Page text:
The Best Pediatric Specialty Care
Out There, is Right Here.



Conditions We Treat

What is a Colonoscopy?
Colonoscopy Instructions

Clean Out Colonoscopy
Ages 3-5

Clean Out Colonoscopy
Ages 6-11

Clean Out Colonoscopy
Ages 12 and older


Other Information

Esophagogastroduodenoscopy (EGD)

Helpful Hints for Controlling Gas (Flatus)




What is an colonoscopy?
A colonoscopy is an examination of the lower gastrointestinal tract with a slim, flexible, lighted tube with a camera. The lower gastrointestinal tract includes the anus, rectum, colon, and the end of the small intestines (terminal ileum).

Why would my child need this procedure? 

If your child experiences:

  • Abnormal bowel movements
  • Inflammatory bowel disease (Crohn’s, Ulcerative Colitis)
  • Abdominal pain
  • Colon/rectal polyps
  • Rectal bleeding
  • Previous GI surgery
  • Abnormal findings on x-ray

How do I prepare my child for this procedure?
Your doctor will give you written instructions on how to clear your child’s entire colon of any stool.  It is imperative that you follow these instructions exactly as they are given otherwise, the procedure may have to be rescheduled.


Clean Out Colonoscopy
Ages 3-5

Clean Out Colonoscopy
Ages 6-11

Clean Out Colonoscopy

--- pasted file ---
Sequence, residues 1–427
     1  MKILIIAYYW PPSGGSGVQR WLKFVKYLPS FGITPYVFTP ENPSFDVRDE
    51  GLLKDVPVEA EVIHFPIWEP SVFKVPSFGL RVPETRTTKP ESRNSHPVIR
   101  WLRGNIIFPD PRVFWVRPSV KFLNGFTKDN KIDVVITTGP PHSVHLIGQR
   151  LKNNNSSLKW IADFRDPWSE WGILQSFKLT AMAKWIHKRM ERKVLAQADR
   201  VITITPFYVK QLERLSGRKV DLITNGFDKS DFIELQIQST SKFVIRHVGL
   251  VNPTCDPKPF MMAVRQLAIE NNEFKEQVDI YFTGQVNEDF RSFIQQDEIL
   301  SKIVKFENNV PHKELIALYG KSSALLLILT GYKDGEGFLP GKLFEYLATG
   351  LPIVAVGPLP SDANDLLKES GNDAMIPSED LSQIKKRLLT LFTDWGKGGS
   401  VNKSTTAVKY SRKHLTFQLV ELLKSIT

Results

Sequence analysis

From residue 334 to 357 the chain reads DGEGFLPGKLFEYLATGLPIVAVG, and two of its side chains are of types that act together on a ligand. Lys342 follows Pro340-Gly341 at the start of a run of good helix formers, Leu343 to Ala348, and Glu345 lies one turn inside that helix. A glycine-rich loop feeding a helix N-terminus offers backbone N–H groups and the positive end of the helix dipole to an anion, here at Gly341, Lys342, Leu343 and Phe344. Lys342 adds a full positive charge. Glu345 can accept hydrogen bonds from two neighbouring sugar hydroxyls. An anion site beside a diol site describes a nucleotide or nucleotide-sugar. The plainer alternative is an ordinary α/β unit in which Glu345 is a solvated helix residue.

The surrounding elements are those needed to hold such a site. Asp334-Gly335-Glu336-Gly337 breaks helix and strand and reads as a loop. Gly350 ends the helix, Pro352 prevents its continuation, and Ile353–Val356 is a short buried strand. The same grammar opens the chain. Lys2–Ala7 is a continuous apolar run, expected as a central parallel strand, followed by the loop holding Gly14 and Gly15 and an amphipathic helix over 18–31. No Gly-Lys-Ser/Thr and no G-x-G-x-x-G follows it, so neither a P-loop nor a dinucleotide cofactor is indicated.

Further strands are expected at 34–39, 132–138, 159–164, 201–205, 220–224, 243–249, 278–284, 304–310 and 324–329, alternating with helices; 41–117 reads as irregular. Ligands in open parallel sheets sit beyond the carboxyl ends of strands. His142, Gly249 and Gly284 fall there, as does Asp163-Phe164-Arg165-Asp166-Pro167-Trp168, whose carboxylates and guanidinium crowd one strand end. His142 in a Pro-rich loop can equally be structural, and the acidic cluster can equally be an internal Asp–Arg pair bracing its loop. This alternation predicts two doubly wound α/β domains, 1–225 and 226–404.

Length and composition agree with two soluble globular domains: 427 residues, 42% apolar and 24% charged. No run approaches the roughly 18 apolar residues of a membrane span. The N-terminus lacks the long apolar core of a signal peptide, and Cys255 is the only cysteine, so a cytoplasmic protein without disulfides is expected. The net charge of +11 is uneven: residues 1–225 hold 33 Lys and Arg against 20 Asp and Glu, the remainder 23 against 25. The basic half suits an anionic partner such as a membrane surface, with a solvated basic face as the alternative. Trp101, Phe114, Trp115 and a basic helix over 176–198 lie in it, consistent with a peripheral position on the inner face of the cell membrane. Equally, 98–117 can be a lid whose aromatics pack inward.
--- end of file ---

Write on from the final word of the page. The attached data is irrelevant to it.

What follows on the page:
Ages 12 and older

What happens during the procedure?
Your child will be given anesthesia to help stay comfortable and sleep during the procedure.  A long, flexible tube with a camera is inserted through the anus and up through the rectum and colon.  The doctor is looking for any abnormalities, irritation, or infection in the colon and terminal ileum.  Any abnormal areas will be photographed and tissue samples (biopsies) will be taken and sent the lab.  If polyps are present, these will be removed and sent to the lab as well. After the doctor has examined the entire lower gastrointestinal tract, the tube is removed.

After the procedure, your child will be observed for a short time while they are waking up.  You will be reunited with your child as soon as possible.

Your child may have some intestinal gas and mild cramps for a few hours after the procedure. You may also notice a small amount of blood in your child’s stool for a short time if a piece of tissue was removed and sent to the lab. This is more commonly seen when polyps are removed.

The biopsy (tissue sample) results take 3-4 days to come back from the lab.  These results will be reviewed with you at your child’s follow up appointment.  Based on the results of the biopsies, the doctor will be able to treat your child’s symptoms appropriately.


Coastal Carolina Neonatology| Coastal Children's Services| 2212 South 17th St. | Wilmington, NC 28401 | (910) 667-2970